Neurocritical care

Guidelines for the Acute Treatment of Cerebral Edema in Neurocritical Care Patients

Guidelines for the Acute Treatment of Cerebral Edema in Neurocritical Care Patients, recommendations for patients with Subarachnoid Hemorrhage, Acute Ischemic Stroke and Intracerebral Hemorrhage, Brain Injury, Bacterial Meningitis and Hepatic Encephalopathy

A new guideline has been produced by experts in neurocritical care, nursing, and pharmacy recruited by The Neurocritical Care Society.

The focus of this guideline is the acute treatment of cerebral edema in neurocritical care patients.

The guideline considers:

  • Treatment of Cerebral Edema in Patients with Subarachnoid Hemorrhage, Acute Ischemic Stroke and Intracerebral Hemorrhage
  • Treatment of Cerebral Edema in Patients with Traumatic Brain Injury,
  • Treatment of Cerebral Edema in Patients with Bacterial Meningitis
  • Treatment of Cerebral Edema in Patients with Hepatic Encephalopathy
  • Hyperosmolar Therapy Safety and Infusion Considerations with recommendations for Assessing the Risk of Renal Injury After Mannitol Administration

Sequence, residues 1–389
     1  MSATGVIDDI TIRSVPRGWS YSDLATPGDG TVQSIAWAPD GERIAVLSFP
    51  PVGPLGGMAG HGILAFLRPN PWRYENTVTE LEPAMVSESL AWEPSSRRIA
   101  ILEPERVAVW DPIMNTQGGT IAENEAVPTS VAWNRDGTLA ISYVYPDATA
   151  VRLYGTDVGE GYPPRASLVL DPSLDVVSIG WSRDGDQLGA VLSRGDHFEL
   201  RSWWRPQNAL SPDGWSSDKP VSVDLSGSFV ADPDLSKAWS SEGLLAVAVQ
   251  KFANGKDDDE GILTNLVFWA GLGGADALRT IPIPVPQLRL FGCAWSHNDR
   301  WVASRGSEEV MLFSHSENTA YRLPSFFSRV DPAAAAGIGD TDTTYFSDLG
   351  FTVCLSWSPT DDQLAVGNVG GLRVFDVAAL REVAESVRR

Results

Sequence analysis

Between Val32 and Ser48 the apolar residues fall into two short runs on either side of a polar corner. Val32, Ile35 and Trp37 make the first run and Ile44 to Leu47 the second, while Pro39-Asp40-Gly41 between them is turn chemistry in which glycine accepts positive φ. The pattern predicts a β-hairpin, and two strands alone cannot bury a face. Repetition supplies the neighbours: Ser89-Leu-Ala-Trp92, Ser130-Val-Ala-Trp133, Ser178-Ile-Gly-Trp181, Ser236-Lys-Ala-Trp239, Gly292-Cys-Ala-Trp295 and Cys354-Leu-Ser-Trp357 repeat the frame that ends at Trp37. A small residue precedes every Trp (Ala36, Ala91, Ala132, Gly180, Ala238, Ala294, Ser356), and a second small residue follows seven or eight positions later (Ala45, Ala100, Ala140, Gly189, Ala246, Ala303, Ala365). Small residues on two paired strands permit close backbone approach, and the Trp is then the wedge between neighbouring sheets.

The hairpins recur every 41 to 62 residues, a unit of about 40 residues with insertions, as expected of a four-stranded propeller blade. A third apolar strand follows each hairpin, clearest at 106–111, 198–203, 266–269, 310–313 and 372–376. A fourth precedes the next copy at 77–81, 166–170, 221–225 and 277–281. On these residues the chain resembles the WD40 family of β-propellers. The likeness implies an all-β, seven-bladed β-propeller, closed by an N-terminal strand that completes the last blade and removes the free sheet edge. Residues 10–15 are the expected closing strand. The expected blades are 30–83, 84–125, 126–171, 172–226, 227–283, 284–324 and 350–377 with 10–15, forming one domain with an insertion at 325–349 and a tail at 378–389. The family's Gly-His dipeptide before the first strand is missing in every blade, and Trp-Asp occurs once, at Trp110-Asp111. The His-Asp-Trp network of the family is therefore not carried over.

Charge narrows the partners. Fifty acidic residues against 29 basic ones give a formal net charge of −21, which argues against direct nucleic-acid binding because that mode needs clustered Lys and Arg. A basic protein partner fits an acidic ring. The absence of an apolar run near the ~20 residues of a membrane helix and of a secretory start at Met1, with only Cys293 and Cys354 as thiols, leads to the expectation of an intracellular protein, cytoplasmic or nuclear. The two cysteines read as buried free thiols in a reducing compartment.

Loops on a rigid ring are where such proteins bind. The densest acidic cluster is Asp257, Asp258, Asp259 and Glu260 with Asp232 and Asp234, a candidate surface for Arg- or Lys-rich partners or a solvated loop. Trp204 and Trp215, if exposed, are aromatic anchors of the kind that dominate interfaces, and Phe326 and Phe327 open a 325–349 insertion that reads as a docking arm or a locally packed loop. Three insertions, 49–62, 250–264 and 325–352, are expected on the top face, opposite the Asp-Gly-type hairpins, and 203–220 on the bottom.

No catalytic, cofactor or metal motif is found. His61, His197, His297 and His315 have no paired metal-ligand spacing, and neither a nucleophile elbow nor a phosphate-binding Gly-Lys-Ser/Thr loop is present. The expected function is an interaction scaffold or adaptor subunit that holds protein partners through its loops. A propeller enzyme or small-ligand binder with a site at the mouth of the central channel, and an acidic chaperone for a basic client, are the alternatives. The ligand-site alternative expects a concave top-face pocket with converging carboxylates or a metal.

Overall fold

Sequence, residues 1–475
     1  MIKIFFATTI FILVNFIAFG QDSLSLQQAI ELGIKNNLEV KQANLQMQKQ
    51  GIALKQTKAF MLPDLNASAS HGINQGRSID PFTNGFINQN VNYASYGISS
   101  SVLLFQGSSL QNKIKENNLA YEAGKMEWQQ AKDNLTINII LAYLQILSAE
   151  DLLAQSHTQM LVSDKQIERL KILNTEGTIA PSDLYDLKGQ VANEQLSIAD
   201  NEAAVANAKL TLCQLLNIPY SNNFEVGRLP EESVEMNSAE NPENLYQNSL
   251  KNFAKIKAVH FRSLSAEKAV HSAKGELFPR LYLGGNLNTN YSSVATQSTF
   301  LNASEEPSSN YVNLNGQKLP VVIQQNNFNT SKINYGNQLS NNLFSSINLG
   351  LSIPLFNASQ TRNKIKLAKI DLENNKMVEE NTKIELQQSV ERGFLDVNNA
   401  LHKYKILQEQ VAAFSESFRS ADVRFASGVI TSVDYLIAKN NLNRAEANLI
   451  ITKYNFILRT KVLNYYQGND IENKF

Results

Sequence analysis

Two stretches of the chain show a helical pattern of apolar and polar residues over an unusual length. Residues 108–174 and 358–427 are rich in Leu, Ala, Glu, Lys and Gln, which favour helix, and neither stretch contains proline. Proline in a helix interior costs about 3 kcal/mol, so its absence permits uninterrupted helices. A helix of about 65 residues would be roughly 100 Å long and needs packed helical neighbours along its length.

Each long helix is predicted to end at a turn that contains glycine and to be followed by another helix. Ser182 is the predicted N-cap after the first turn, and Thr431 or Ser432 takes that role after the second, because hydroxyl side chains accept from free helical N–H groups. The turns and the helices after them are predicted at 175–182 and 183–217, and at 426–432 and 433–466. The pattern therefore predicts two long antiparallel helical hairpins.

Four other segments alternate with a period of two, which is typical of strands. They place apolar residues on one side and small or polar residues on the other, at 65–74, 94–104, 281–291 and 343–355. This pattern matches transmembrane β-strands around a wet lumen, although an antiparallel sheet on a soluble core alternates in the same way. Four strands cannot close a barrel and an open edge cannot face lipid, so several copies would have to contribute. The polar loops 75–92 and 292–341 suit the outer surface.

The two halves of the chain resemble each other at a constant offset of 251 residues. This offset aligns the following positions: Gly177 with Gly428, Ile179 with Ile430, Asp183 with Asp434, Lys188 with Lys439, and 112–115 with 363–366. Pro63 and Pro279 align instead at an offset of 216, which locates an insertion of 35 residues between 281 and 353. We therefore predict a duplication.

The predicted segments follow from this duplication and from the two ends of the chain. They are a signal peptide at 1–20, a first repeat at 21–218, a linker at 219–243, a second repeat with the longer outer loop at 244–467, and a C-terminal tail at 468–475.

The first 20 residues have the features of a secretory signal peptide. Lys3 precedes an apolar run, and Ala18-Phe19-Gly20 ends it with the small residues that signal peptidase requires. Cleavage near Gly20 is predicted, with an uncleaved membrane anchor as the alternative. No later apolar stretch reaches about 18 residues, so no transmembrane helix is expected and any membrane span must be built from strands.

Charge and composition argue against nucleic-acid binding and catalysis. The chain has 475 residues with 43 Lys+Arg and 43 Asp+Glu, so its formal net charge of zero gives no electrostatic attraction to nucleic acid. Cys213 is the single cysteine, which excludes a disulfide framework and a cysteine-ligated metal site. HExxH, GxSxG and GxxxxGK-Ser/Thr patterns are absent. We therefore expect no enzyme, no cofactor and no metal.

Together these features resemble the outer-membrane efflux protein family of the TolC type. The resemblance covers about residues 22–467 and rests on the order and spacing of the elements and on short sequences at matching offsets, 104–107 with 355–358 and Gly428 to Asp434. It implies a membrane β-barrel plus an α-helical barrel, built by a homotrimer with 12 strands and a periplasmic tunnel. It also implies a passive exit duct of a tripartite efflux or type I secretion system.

• Assessing the Risk of Toxicity (Acute Kidney Injury or Unwanted Acidosis) After Hypertonic Sodium Solution Administration
  • Optimal Administration Method of Hypertonic Sodium Solution
  • Non‑pharmacologic Treatment of Cerebral Edema and Elevated Intracranial Pressure

The evidence was assessed using the GRADE process and 28 recommendations and five good practice statements have been made.

The authors focus on recommendations mostly on osmotherapy , and in dexamethasone for bacterial meningitis.

No-pharmacological interventions were discussed for acute elevations in intracranial pressure, but it wasn´t addressed surgical decompression and therapeutic hypothermia, as they were adequately addressed by other guidelines and the overall quality of evidence was very low.

 

Key points:

  • Hyperosmolar therapy may help reduce ICP elevations or cerebral edema in patients with SAH, TBI, AIS, ICH, and HE, however neurological outcomes do not appear to be affected.
  • For patients with bacterial meningitis, corticosteroids appear to be helpful in reducing cerebral edema, although not in ICH.
  • There is a great need for high-quality research to better inform clinicians of the best options for individualized care of patients with cerebral edema.

 

References:

Cook, A.M., Morgan Jones, G., Hawryluk, G.W.J. et al. Guidelines for the Acute Treatment of Cerebral Edema in Neurocritical Care Patients. Neurocrit Care 32, 647–666 (2020). doi.org/10.1007/s12028-020-00959-7https://pubmed.ncbi.nlm.nih.gov/32227294/